I am not aware, being the novice I am, of any groups who use such technological processes as you mention in your definition of #2 or #3 groups. Could you please site some? I would be interested in hearing via YouTube what you hear. Certainly the 21st century has opened up many more technological options to modern performance, but techniques such as reverberation, distortion, and looping of recorded sound have been around since the 1960s.
 
Whether or not performing and recording groups who fall under your "2" and "3" group definitions will survive and continue after the uniqueness of their experiments have lost their shock value  is yet to be seen. However, if audiences wish to be informed to what the majority of us here (I venture) already define as 'a cappella', what you call "0" and "1" groups, groups who venture further and further away from the natural human voice will fall out of any favor they may have found currently.
 
Craig
on October 1, 2013 7:39am
Hello Alessi- excellent question! If nothing else, it got me thinking about the issue– something I would not likely have otherwise done. I don't think, though, that Craig and I use the same crystal ball, as I don't foresee 'technology' lessening its impact on (vocal) music in the future.
 
A practical question arises out of the general issue. As an arranger, I have had a problem with categorizing certain music - generally that of first nations (the world over) - when a drum is used. Does the accompaniment of a drum to an otherwise a cappella piece of music then cause it to not be considered an a cappella work? Would I be right or wrong in including such a work in a list of a cappella works? Also: if a dance-like renaissance work is sung without any accompaniment at all it is obviously a cappella. But is it then not a cappella if a drum or other idiophone is added to it? Maybe we need a "–1-groups" category!
 
Apart from the categorization problem it probably doesn't really matter very much. Or does it?
 
Donald
on October 1, 2013 7:39am
Hello Alessi- excellent question! If nothing else, it got me thinking about the issue– something I would not likely have otherwise done. I don't think, though, that Craig and I use the same crystal ball, as I don't foresee 'technology' lessening its impact on (vocal) music in the future.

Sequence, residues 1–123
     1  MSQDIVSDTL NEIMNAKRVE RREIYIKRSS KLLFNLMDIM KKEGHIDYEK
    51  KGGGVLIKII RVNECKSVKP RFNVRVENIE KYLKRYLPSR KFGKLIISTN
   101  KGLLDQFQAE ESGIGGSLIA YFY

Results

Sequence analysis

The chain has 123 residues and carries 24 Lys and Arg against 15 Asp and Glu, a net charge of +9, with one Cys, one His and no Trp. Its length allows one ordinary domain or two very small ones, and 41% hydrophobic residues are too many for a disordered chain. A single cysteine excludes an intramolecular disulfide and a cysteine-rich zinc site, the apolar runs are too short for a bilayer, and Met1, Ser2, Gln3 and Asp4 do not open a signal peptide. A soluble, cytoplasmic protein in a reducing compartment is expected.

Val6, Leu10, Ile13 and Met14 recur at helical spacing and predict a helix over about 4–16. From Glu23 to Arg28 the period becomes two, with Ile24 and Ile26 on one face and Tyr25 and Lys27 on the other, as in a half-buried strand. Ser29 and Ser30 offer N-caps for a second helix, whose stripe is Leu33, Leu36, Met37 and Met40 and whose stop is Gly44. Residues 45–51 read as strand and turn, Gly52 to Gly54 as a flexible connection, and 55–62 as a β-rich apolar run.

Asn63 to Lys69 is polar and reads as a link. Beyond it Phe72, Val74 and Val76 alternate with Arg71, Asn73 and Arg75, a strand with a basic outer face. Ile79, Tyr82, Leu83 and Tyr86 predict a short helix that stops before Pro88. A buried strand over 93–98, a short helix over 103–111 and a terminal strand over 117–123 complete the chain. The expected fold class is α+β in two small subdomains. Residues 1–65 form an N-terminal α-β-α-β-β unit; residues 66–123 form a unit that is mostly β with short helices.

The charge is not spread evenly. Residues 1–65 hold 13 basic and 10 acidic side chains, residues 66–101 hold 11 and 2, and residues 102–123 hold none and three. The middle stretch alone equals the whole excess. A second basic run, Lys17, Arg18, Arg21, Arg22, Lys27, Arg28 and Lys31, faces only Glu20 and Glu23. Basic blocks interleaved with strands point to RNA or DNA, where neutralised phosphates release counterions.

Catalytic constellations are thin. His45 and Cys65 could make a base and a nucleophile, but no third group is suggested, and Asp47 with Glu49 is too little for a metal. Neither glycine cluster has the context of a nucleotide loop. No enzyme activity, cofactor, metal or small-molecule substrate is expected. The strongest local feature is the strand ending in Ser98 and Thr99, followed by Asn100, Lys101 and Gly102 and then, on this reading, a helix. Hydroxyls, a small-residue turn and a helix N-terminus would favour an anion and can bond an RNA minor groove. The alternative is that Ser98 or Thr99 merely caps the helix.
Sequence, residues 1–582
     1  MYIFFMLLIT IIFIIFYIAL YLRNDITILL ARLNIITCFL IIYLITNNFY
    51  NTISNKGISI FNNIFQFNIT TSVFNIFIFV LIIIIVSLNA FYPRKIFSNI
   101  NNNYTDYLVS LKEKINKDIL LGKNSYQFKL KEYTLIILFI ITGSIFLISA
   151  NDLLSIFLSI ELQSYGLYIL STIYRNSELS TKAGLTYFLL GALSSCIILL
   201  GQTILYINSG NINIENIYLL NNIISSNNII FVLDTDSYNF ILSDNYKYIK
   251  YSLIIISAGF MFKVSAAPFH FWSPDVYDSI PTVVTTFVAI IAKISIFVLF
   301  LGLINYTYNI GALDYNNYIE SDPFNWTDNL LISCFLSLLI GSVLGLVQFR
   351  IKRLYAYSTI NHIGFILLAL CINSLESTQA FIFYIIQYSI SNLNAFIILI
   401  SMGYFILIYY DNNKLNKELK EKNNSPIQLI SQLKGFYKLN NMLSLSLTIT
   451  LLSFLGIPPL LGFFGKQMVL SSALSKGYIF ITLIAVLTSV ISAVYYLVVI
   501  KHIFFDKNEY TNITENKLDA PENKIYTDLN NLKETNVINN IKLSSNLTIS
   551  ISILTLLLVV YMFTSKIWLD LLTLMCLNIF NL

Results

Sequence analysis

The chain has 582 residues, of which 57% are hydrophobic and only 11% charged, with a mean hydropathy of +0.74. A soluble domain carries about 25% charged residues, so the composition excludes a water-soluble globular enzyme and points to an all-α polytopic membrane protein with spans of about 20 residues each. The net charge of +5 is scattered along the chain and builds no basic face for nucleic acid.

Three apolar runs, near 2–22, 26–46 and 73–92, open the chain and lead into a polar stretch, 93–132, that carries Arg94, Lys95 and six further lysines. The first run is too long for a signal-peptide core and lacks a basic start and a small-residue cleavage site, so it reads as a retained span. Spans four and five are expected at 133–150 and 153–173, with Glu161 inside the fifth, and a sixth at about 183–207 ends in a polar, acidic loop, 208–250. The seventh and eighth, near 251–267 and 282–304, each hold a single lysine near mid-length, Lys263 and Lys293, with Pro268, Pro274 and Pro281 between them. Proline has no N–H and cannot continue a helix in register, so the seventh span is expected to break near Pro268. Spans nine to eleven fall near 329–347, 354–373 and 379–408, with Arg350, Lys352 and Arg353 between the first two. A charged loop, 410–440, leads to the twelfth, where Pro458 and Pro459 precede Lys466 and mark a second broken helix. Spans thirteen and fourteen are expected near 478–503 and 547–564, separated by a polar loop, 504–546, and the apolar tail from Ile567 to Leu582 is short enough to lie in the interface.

A practical question arises out of the general issue. As an arranger, I have had a problem with categorizing certain music - generally that of first nations (the world over) - when a drum is used. Does the accompaniment of a drum to an otherwise a cappella piece of music then cause it to not be considered an a cappella work? Would I be right or wrong in including such a work in a list of a cappella works? Also: if a dance-like renaissance work is sung without any accompaniment at all it is obviously a cappella. But is it then not a cappella if a drum or other idiophone is added to it? Maybe we need a "–1-groups" category!
 
Apart from the categorization problem it probably doesn't really matter very much. Or does it?
 
Donald
on October 1, 2013 12:40pm
Hi Craig, Hi Donald.
(a)Craig. In my message I delimited the context to live performances. I am not aware that distortion or looping were used in the past in live performances, but I may be wrong. If so, thank you for your correction. There is an interesting point in your message: "Also, a singer who is knowledgeable in using his or her mic is capable of changing the effect of their voice on the membrane etc". So the question: is the microphone an instrument? Violinists use their fiddlesticks for playing their violins. Similarly, singers use ther voice for "playing" the microphone membrane. Is it so? In the case of vocal percussion, I would say "yes" without many doubts. In the case of standard soprano lines, I would say "no". So: is the microphone to be considered an "instrument"? As to your question, try on YouTube "Pass me the jazz", by the Real Group (a group I love, by the way). You will find two versions (among the other): Soderlmam session, and another one, put on YT by a user named "johege". Compare them, using good headphones for appreciating the differences. The renditions are rather different. In the first one the sound has been edited afterwards (listen for instance to the unnatural "straight voices" at 1:30 and following seconds): this  is the 2-group version of The Real Group; the performance of the second link gives a picture of "The Real Group" as a 1-group. The group is the same, the difference is in the sound editing: the work of the sound engineer. In the second case, it is absent (or better: i cannot spot it). Please does not take the term "unnatural" above with a negative connotate. It is opposite to "natural", intended as the sound that is produced by voices ONLY.